The move breaks one of the main links between the company and SG Warburg, which has advised Isosceles since its creation as a takeover vehicle in 1989.
There was surprise in the City that Warburg was not appointed by Gateway, bearing in mind its long association with Isosceles. The bank has earned huge fees from Isosceles since it advised on the purchase of Gateway four years ago. As a result of the takeover, Isosceles is burdened with debts of pounds 1bn that are not expected to be repaid in full and are trading at 50 per cent of their value on the secondary market.
A merchant banker commented that the Gateway appointment is important because 'that's where the action is, or likely to be'. The switch to Kleinwort signals the determination of David Simons, the chief executive of Isosceles and Gateway, to break with the past. He worked with the Kleinwort team, headed by Ros Hedley- Miller, while he was finance director of Storehouse.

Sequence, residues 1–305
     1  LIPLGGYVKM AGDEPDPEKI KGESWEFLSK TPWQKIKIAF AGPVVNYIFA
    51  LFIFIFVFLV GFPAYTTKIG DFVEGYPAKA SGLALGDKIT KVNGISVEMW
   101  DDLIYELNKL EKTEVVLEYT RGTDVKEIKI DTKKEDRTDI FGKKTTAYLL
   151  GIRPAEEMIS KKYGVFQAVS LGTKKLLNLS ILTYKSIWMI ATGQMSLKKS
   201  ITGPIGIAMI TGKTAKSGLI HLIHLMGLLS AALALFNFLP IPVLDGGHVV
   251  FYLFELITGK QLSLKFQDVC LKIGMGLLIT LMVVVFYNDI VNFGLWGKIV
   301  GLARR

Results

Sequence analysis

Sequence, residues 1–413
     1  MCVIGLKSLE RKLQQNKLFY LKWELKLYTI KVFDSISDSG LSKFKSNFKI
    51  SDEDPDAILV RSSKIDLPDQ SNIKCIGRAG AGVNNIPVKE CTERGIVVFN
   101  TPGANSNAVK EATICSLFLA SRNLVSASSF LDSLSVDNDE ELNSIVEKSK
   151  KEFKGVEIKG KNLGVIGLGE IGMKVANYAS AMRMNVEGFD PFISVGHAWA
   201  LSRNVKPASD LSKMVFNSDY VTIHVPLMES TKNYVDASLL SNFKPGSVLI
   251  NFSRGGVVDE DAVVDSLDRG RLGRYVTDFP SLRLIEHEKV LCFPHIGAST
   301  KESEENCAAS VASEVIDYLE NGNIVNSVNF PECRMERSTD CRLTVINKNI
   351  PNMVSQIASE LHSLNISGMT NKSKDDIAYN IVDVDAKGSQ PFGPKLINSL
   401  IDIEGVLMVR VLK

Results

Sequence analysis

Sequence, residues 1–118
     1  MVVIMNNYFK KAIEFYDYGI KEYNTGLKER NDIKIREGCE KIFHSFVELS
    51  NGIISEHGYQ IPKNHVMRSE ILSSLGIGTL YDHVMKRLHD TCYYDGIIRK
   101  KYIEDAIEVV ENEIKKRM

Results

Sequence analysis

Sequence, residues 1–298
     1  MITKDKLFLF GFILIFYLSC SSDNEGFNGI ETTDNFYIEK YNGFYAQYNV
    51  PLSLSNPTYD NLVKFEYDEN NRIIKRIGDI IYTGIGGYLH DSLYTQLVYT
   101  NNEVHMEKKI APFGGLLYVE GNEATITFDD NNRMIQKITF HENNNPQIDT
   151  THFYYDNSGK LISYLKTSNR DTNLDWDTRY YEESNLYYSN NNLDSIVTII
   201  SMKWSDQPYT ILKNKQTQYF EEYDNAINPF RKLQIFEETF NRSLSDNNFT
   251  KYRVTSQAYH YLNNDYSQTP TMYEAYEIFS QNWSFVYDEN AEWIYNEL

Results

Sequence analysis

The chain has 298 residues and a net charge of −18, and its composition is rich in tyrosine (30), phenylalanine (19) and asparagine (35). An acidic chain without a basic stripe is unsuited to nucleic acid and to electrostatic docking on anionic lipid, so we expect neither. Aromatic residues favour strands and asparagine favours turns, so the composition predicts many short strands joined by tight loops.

Some bankers pointed out, however, that Warburg experienced a potential conflict of interest when Gateway became a separate company. Warburg and Hill Samuel will continue to act as advisers to Isosceles.
One source close to Gateway said that the company needed to go through a period of consolidation following its restructuring and the devolvement from Isosceles agreed last April. Under the restructuring terms, Gateway became a standalone company with no liability for the pounds 1bn of debts that remain in the Isosceles group. Advisers hope that Gateway, having notched up a reasonable profits track-record, may eventually attract new shareholders through a public flotation.